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Applied Water Science

, 9:155 | Cite as

Experimental study of the hydraulic jump on reverse bed with porous screens

  • A. AbbaspourEmail author
  • T. Taghavianpour
  • H. Arvanaghi
Open Access
Original Article
  • 113 Downloads

Abstract

Nowadays, the porous screens have been used extensively in open channels to prevent erosion in ditches as the water in supercritical state flows past the screen which forces the formation of a hydraulic jump upstream of the screen and produces significant energy loss. In this investigation, the operation of screens has been studied for supercritical flow and the Froude number in the range of 4.5 to 10.6 on two reverse slopes experimentally. In this study, the parameters included arrangements of screens in both the single and double types, and the angle and distance of screens from the hydraulic jump toe. The screens were studied with a porosity of about 50% with square holes. The study results showed that using of screens on the reverse slope of − 0.025 dissipates more energy compared to reverse slope of − 0.015. The screens with double arrangement have better performance and dissipate more energy than the screens with single arrangement, while the distance of screens from the toe of the hydraulic jump does not have a significant effect on the energy dissipation.

Keywords

Energy dissipation Porous screens Reverse slope Sequent depth Hydraulic jump 

Introduction

A hydraulic jump occurs at the transition from supercritical flow to subcritical flow. It is characterized by a sudden increase in water depth and loss in the energy. The turbulent hydraulic jump is one of the significant problems in the hydraulic engineering.

The classical hydraulic jump is a basic phenomenon commonly used in stilling basins. In a hydraulic jump, the energy of flow is dissipated along the channel, resulting in a decrease in velocity and an increase in depth in the direction of flow. The subcritical sequent depth y2 of a classical hydraulic jump, for the depth y1 and mean velocity u1 of the supercritical upstream flow of the jump, is obtained by the following equation (Vischer and Hager 1995):
$$ \frac{{y_{2}^{*} }}{{y_{1} }} = \frac{1}{2}\left( {\sqrt {1 + 8Fr_{1}^{2} } - 1} \right) $$
(1)
where \( Fr_{1} \) is the upstream flow Froude number at the beginning of the jump and g is the acceleration due to gravity.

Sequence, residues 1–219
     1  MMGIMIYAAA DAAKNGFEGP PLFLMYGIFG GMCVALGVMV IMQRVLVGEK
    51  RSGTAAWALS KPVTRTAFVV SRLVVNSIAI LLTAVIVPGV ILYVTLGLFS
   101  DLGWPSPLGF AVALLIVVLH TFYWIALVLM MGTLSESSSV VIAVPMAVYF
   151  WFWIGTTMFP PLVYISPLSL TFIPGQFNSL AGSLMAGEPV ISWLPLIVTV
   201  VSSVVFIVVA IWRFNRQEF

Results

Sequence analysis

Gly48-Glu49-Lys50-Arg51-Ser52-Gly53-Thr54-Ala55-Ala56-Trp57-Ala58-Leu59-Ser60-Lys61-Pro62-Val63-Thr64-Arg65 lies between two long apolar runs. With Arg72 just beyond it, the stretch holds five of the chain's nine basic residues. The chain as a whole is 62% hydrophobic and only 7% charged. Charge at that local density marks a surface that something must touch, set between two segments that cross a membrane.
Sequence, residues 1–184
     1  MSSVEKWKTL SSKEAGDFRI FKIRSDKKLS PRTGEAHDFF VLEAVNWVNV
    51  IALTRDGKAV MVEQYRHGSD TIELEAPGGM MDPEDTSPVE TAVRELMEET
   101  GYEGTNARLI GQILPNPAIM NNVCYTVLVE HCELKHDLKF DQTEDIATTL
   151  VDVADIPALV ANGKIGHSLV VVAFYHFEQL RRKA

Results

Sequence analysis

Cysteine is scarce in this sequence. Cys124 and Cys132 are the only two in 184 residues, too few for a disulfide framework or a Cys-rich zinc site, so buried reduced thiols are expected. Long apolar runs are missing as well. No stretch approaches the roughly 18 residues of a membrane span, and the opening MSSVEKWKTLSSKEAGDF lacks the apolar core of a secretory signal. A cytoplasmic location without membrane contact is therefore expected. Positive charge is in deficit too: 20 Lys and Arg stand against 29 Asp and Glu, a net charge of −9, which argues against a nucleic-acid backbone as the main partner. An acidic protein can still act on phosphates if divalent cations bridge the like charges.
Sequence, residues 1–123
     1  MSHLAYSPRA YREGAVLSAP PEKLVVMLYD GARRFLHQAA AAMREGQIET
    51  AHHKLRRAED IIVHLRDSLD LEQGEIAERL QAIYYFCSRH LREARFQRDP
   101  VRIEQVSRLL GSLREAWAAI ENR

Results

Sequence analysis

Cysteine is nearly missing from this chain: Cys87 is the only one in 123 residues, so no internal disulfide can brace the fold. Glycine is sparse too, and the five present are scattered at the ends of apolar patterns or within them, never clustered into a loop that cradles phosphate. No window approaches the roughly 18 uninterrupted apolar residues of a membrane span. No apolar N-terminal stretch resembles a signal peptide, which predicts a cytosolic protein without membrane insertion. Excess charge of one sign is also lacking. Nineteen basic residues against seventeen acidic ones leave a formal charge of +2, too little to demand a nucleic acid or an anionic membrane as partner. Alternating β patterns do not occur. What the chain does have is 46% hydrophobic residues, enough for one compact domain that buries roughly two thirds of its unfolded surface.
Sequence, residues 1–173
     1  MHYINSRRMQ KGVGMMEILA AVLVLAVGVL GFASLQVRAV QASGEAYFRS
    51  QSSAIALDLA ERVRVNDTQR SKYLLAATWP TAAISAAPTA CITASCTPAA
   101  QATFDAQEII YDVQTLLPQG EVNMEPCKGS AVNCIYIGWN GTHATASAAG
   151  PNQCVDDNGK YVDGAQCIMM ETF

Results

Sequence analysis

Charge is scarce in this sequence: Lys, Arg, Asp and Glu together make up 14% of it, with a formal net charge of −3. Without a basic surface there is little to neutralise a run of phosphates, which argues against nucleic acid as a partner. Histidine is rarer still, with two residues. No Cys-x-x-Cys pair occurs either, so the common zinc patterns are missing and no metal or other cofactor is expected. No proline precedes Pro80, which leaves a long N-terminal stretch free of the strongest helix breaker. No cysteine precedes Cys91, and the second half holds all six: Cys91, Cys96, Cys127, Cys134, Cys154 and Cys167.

Pagliara and Peruginelli (2000) were studied hydraulic jumps formed on adverse slopes experimentally. A general equation, for the sequent depth ratio, was proposed and corroborated by experimental data. Hydraulic jumps in sloping channels have been studied by Beirami and Chamani (2006, 2010). In this paper, the roller length and energy loss of a large variety of hydraulic jumps were investigated in horizontal and sloping channels experimentally. A stilling basin with bottom slopes of 0.0, − 0.025, − 0.050, − 0.075, and − 0.100 was used to generate the jumps. An empirical relationship is presented to predict the roller length.

Mudgal and Pani (2012) used sills to aid the formation of a hydraulic jump in a stilling basin. The drag force acting on a sill in forced hydraulic jump depends on the initial Froude number Fr1, the height of the sill S, and its distance from the toe of the jump. Farhoudi and Khalili Shayan (2013) have investigated the stability of free hydraulic jump on adverse stilling basins from a theoretical point of view. In this research, a theoretical equation for estimating the minimum upstream Froude number to establish the free hydraulic jump on an adverse bed was presented. The hydraulic characteristics of forced jump due to perforated sill were measured and compared with the classical hydraulic jump by Behrouzi-Rad et al. (2013). The experiments results of this study certified the effect of the perforated sill on dissipation of energy. Cherhabil and Debabeche (2016) have studied the hydraulic jump in a sloped trapezoidal channel experimentally. The study was done to determine the impact of channel slope on the characteristics of the jump. An experimental investigation is done to determine the relationships between the sequent depth ratio of the jump and the initial Froude number and the channel slope. An investigation of hydraulic jump in the stilling basins with stepped sills has been done experimentally by Minaei Gigloo et al. (2016). They found that the sill with two steps has better efficiency to stabilize a jump in the stilling basin compared to sill with three steps. Parsamehr et al. (2017) have investigated the characteristics of hydraulic jump, including sequent depth, relative length of the jump, and energy loss on rough bed with discontinuous roughness elements of lozenge shape over adverse slope. It was found that by increasing the height of roughness elements and steeping the adverse slope, the sequent depth ratio, and relative length of the jump decreased, while the energy loss increased.